As a teenager during the 1970s and 80s the idea that ADIDAS stood for All Day I Dream About Sex was a great joke. With my hormones raging it was also certainly true of me, but growing up in rural Victoria I was on constant alert - terrified of being outed as a poofter.
When I came across an old hand painted ADIDAS sign in a Castlemaine laneway a few years back I was reminded of the acronym.
I regularly walk past the sign watching the graffiti accumulate, and like my fear the sign has faded. As a bittersweet reminder of youth I decided to recreate it, preserving the sign in a moment of time. No longer feeling the need to hide my dreams, I've added my own graffiti to declare my desire.
Martin John Lee is a multidisciplinary artist living on Jaara country, in Castlemaine, Victoria. His practice is predominately installation-based and spans a variety of media, including video, painting and textiles. Martin’s work explores the contemporary dynamics and intersections of masculinity, cultural norms and societal expectations.
Martin's current projects include PLAY ON, a two-channel video work supported by Regional Arts Victoria exploring the emotional effects of the cancellation of male contact sport during Covid-19 restrictions, and, in collaboration with composer Wally Gunn, a sound installation at Castlemaine Railway Station, supported by Mount Alexander Shire’s Get Lost Quick program.
In 2019 Martin completed a Masters of Contemporary Art at the Victorian College of the Arts (VCA), and was awarded the Majlis Encouragement Award at the VCA Graduate Show. He also has a Graduate Certificate in Visual Art from VCA, 2017, and a Bachelor of Art (Ceramic Design) from Monash University, 1992.
Handstands as Queer — 2020
Linocut | 630 x 650 mm
This artwork celebrates the ways that my handstand practice has enabled me to reclaim my queer pride.
I have identified as queer since I was a teenager in the 1980s, although it wasn’t until 90s that I found my tribe. But in 1998 I had a brain injury and alongside a great number of losses, my sense of self and identity became very uncertain. For years, I secretly and sadly believed that I had also lost my queerness and was now heterosexual. I place blame for that belief upon the systemic homophobia within abusive medical and psychiatric systems that further silenced and traumatised me.
Six years after the brain injury, I became obsessed with learning how to handstand, perhaps intuitively knowing that a daily handstand practice would not only help me rehabilitate my fragmented brain and body, but also facilitate pathways to creatively find my new self. It is in part through my handstands, that I found my way to disability pride and through that my queer pride.
My sexual identity did indeed shift with my brain injury. And in recent years, it has been joyous to reclaim my new queer identity, and re-join a community that for the most part, welcomes all of our intersecting identities.
Larissa MacFarlane is a Naarm/Melbourne based visual artist and disability activist, working across a printmaking, community and street art practice. Her work is informed by the fast-changing urban industrial landscapes of Melbourne’s West, to investigate ideas of belonging, place, healing and change. Using her 22-year-old brain injury, she also champions Disabled culture, community, identity and pride.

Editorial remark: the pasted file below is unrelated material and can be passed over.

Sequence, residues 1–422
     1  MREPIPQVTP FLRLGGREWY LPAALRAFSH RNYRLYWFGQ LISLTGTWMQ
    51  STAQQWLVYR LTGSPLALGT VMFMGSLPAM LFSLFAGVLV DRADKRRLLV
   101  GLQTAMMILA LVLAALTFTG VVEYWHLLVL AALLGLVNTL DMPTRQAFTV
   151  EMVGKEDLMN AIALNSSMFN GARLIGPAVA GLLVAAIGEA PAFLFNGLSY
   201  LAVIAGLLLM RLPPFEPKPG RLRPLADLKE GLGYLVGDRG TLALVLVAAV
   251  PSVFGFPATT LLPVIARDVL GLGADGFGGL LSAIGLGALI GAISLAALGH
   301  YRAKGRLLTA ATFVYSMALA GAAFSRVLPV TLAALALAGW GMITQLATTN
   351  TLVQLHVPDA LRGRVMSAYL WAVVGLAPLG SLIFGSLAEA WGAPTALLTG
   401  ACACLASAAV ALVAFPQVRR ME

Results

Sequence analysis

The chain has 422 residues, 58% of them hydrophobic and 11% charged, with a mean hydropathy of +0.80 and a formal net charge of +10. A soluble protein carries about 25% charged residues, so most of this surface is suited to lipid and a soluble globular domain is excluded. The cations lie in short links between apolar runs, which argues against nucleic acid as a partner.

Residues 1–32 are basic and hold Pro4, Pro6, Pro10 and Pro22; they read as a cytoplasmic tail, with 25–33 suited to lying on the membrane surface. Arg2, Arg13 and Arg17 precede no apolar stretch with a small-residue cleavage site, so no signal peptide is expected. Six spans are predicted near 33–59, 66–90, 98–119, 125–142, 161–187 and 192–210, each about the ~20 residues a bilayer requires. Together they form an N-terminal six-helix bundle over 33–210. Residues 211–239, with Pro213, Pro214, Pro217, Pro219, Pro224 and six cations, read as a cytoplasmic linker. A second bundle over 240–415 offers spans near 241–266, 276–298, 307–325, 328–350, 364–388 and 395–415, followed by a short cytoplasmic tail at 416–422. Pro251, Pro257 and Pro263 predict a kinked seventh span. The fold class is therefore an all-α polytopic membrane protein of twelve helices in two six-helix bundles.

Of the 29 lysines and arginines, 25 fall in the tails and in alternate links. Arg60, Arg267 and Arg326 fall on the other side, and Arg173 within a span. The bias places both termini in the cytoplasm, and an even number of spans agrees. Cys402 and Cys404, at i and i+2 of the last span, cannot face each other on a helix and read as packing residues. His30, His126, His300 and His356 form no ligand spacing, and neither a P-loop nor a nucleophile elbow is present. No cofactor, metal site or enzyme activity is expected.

Since 2006, Larissa's work has been seen in galleries and streets across the state. Her street art investigates her daily ritual of performing handstands, a key part of her disability self-management, and has been shown at the Arts Centre Melbourne and the Warrnambool Art Gallery.
For almost two decades, Larissa has been involved in the Self-Advocacy and Disability Justice movements, leading and collaborating on many community arts projects. In 2017, she led Australia’s first collaborative Disability Pride murals and has since produced several more, including a short film that documents that infamous first mural.
Larissa currently sits on the board of Arts Access Australia and was recently nominated for a 2020 Aspire Awards.
Top Surgery Recovery Series (Sever, Numb, Silence, Sense) — 2018
Digital Print on 100% Cotton Rag using Ultra Chrome Ink
First Printing, 1 of 1 | Custom Framed Print: 550 x 720 x 25 mm (each)
Price: $2,400 (set of 4)
This series explores the intimate realities and complications of Samuel’s experience of undergoing ‘top surgery’, a double mastectomy and chest masculinisation surgery in 2018. He situates his narrative within outer space, using the metaphor and the setting of a space shuttle to represent the transgender body itself as a vessel in transition. Samuel engages with the surgical and medicalised nature of this procedure, as well as the emotional toll it took on his mind and body to reconnect after enduring these changes.
This series reflects on the intense amount of preparation and years of anticipation for Samuel to finally reach this moment of receiving his gender affirming surgery. It was a confronting adjustment to inevitably let go of the body and the pain that had been carrying him up until that moment, to then allow himself to feel at ease.
Samuel references previous scenes, items, and imagery from his 2017 comic series How to be a Gender Explorer, with all the tools that helped him navigate his transition, as he now embodies the ‘future self’ he yearned to be.
Samuel Luke Beatty is an artist who works across traditional and digital illustration, as well as forms of printmaking, artist books and embroidery. His practice uses graphic narratives and metaphors of space exploration to explore the intimate realities of his transgender body being a transitional space in itself. His use of autobiographical storytelling re-examines the gravitas of his transgender experience, to provide positive validation, visibility and trans representation.
His work engages in vulnerable, often private, moments of queer bodies navigating and occupying space, and the process of recognising yourself after affirming your gender. Samuel continues to document his gender transition, as he explores expansive possibilities of cosmic parallels of his post-operative body to planetary bodies shifting and changing over time.